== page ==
Retailers hope to get into your wallets sooner

People shop inside Macy's department store in New York after the midnight opening to begin the Black Friday shopping weekend.

Tess Vigeland: So what did you do this morning. Did you happily sleep through the night? Or did you brave the crowds and the cold to line up at the shopping mall? We talked to a few people in the latter category this morning.

Ravent Hunter: I just want to see Black Friday for myself. I've never participated in Black Friday. I've heard about the craziness and I thought, why not spend some money, catch the deals.

Jennie Covello: I've never seen lines like this. We actually just, like, hestitated and hovered in the middle of the parking lot. Did we even really want to do this?

Nicole Muir: The deals. I mean, I've been doing Black Friday with my mom since I was probably, like, 15. So I've done it almost every year.

That was Raven Hunter, Jennie Covello, and Nicole Muir from around San Diego. Of course Black Friday is not just a day anymore. Some of the big-name stores started their doorbusters as early as 9 o'clock last night -- much to the dismay of their employees. And some have been running Black Friday deals since before Halloween. So in that spirit we're going look ahead to the next big retail bonanza.

Here's Marketplace's Amy Scott.


Amy Scott: Dan De Grandpre tracks online promotions at dealnews.com. The website's motto: "Where Every Day is Black Friday." And lately that seems to be true.

Dan De Grandpre: Because wallets are tight, retailers are trying to actually get into that wallet sooner.

That goes for Cyber Monday, too. That's the term the National Retail Federation invented to describe the spike in online shopping once folks get back to work after the long weekend. Retailers like Target and Walmart are rolling out their Cyber Monday promotions on Sunday. And for some the day has stretched into Cyber Week. The problem is, De Grandpre says, shoppers will start to expect everything to be on sale all the time.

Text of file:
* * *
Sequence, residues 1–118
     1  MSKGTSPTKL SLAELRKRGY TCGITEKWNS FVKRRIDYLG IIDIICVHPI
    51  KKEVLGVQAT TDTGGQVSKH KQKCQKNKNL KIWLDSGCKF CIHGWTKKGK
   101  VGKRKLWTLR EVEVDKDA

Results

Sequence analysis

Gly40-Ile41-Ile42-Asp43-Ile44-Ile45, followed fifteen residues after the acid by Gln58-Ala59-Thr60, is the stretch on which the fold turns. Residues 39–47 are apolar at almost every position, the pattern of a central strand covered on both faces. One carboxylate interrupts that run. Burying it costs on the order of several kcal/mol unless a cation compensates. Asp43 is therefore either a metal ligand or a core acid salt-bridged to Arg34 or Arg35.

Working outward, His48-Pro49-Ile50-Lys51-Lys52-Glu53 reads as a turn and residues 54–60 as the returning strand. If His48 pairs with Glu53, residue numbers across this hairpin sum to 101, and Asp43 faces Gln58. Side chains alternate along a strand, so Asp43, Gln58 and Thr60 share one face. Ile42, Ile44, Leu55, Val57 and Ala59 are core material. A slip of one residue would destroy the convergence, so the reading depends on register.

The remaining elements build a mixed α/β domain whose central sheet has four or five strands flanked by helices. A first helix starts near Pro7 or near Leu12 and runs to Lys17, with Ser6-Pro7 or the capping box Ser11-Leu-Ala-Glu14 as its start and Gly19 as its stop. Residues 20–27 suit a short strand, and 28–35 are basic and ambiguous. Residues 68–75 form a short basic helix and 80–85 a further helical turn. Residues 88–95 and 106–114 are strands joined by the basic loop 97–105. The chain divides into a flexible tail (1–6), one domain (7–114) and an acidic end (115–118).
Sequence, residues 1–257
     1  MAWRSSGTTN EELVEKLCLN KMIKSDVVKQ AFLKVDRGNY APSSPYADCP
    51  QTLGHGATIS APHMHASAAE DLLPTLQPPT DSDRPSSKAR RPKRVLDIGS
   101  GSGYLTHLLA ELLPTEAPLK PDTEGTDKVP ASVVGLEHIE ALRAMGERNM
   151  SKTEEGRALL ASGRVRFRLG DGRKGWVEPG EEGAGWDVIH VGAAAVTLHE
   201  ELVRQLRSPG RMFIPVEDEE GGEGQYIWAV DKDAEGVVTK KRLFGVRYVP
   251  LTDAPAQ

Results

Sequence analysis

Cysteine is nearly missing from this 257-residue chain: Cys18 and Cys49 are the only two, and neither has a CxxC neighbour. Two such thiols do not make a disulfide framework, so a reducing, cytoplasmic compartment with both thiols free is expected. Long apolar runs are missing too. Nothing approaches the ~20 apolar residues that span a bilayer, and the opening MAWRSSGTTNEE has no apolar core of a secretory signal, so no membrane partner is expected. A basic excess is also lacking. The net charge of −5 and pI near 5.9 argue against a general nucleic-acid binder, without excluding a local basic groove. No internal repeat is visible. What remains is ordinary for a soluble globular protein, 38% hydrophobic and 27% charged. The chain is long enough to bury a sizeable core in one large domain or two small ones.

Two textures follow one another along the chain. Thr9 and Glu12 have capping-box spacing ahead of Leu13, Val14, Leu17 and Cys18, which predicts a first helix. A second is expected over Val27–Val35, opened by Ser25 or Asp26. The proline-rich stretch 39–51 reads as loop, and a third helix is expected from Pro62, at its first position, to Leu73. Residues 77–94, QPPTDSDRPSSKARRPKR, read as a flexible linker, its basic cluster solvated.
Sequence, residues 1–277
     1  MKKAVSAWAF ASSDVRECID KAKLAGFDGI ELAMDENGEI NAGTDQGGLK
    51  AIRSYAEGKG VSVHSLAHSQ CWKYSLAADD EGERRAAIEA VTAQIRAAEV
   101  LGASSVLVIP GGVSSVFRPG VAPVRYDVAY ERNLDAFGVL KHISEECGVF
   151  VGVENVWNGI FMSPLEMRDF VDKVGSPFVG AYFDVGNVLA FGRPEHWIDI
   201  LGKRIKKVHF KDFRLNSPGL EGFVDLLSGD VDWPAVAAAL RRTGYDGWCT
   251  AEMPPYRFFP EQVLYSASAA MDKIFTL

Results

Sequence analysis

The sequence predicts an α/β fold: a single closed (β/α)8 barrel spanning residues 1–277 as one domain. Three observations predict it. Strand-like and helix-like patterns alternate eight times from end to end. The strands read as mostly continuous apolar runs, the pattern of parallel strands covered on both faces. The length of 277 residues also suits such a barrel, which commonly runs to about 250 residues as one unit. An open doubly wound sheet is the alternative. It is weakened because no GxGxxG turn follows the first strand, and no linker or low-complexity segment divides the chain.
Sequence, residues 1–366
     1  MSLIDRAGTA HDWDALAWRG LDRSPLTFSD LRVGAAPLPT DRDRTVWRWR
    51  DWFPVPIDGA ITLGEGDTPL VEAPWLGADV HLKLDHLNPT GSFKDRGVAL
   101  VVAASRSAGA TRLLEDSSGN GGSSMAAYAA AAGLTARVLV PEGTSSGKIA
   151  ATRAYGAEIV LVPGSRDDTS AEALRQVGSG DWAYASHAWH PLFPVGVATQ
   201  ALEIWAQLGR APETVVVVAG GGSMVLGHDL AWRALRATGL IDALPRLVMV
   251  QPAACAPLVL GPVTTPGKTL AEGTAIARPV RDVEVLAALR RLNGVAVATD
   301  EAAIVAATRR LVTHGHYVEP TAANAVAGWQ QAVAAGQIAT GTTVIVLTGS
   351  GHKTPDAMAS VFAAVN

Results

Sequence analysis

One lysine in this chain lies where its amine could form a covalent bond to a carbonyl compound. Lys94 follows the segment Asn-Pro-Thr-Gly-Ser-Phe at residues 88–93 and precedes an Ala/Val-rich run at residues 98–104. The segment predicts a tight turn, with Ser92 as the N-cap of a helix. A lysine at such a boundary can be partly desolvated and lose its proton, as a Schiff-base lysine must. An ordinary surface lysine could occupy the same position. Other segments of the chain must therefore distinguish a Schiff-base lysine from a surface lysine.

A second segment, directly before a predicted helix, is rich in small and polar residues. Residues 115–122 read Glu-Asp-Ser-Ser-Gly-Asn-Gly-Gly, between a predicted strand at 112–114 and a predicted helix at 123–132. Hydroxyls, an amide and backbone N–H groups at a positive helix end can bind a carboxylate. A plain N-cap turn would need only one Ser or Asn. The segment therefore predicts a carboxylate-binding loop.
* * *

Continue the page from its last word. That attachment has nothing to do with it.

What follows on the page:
De Grandpre: So what will happen is that consumers will not really spend any more than they would have anyway.

For now, Cyber Monday remains a money maker for retailers. It was Amazon's biggest single day last year. Comscore predicts overall shoppers will spend more than a billion dollars online this time around.

Analyst Frederick Moran with the Benchmark Company says the Black Friday madness in stores may actually help.

Frederick Moran: You don't have to have the frustration of standing on a line or waiting for service or being out there in the middle of the night when you should be home sleeping.

And you don't get pepper sprayed. But some trying to sneak in a little deal hunting at the office on Monday may be disappointed. Sixty percent of companies recently surveyed by Robert Half Technology block employee access to online shopping sites.

In New York, I'm Amy Scott for Marketplace.

About the author

Amy Scott is Marketplace’s education correspondent covering the K-12 and higher education beats, as well as general business and economic stories.

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